The manufactures bios choices and hardware drivers can make a significant difference at boot up, I swear some of it has lines like this
#Wait 5 seconds on firmware load to make sure crappy hardware interface has actually loaded
init_wireless_device_firmware ( wait 5);
Also, add Windows Pro to a domain server and you'll find on the average AD setup the majority of your boot time ends up waiting on the network.
At the moment, I have Skype and Spotify kicking in at boot.
Not installed any AV yet (not sure if I should get Kaspersky or NOD). I also have recently installed 16gb of RAM, which helps things along nicely.
I am trying to decide whether or not to install Visual Studio 2012, ill wait until I actually need to use it on this machine, but IntelliJ runs very nicely indeed as well as JRockit, which is normally a pile of pish (the mission control gubbins).
The one concession I have made is installing a third party start button type thing, but I am getting used to TIFKAM.
Plus, since installing Windows 8, the world hasnt ended, which is nice. Eadon's non-stop rhetoric did actually start to make me a bit nervous.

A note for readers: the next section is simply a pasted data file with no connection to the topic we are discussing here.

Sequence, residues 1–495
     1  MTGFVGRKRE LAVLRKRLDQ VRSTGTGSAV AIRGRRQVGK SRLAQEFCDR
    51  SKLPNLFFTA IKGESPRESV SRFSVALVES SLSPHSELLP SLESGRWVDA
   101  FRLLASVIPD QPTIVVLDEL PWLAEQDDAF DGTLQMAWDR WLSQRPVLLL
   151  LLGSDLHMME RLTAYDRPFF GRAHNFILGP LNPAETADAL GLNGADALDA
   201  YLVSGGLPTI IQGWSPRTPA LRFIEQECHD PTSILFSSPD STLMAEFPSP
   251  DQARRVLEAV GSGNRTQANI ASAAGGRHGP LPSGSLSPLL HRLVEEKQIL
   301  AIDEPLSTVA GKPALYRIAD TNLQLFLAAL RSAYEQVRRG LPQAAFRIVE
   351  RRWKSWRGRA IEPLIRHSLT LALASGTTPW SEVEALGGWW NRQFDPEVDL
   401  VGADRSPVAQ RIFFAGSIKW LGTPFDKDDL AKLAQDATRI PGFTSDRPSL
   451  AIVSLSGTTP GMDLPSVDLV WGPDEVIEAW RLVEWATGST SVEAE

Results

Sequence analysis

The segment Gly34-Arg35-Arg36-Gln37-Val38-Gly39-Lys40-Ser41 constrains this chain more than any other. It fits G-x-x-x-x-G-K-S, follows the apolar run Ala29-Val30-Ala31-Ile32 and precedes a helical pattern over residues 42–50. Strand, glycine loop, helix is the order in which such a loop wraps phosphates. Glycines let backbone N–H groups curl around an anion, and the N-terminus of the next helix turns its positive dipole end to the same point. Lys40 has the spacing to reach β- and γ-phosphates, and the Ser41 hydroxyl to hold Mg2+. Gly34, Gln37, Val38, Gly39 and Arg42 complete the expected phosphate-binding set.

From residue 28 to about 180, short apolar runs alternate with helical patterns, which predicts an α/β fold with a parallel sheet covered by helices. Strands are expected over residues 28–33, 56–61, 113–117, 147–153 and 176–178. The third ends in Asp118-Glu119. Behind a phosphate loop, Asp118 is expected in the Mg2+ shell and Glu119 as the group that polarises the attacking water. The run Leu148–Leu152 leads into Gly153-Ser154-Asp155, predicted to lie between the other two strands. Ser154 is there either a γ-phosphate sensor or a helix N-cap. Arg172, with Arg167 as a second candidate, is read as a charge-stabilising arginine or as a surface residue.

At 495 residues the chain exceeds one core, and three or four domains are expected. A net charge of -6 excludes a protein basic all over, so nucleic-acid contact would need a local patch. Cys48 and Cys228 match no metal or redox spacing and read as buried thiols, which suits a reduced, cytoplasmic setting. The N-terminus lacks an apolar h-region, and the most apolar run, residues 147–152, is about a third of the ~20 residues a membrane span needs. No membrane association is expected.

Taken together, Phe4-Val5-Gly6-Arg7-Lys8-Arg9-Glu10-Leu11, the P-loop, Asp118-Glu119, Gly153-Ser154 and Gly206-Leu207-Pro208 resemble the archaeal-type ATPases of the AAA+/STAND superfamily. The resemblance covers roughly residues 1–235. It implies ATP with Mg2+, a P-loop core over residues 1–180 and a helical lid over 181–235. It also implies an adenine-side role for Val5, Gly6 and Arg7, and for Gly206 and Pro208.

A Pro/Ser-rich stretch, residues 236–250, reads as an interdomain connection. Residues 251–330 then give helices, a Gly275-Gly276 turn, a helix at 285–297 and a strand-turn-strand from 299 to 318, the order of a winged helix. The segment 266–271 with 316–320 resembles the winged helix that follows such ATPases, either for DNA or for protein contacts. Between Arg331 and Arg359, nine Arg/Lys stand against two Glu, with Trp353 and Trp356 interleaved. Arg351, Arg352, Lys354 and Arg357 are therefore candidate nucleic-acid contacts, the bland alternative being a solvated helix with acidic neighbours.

Are you dual booting on that drive ? Be interesting to see it's perfomance on a dual boot windows/linux set up.
Anyone out there got that set up and care to report ?
Ive a Gen1 500GB momentus XT and it cold boots my win8 enterprise core2duo laptop to the logon screen in 14s, and another 12 to join the domain....
Had this thing for a few years, tried a full SSD VertexIII and yes, its quicker but instantly compared to almost instantly wasn't worth the space trade off...
No, not yet.
I had planned to test out Truecrypt with a second OS, which will either be CentOS or XBuntu.
I have have ran a few VM's on it though, and it coped very, very well.
Been downloading games from GOG and steam this evening, when running older games like Star Wars Battle Front 2, load times are nearly non-existent.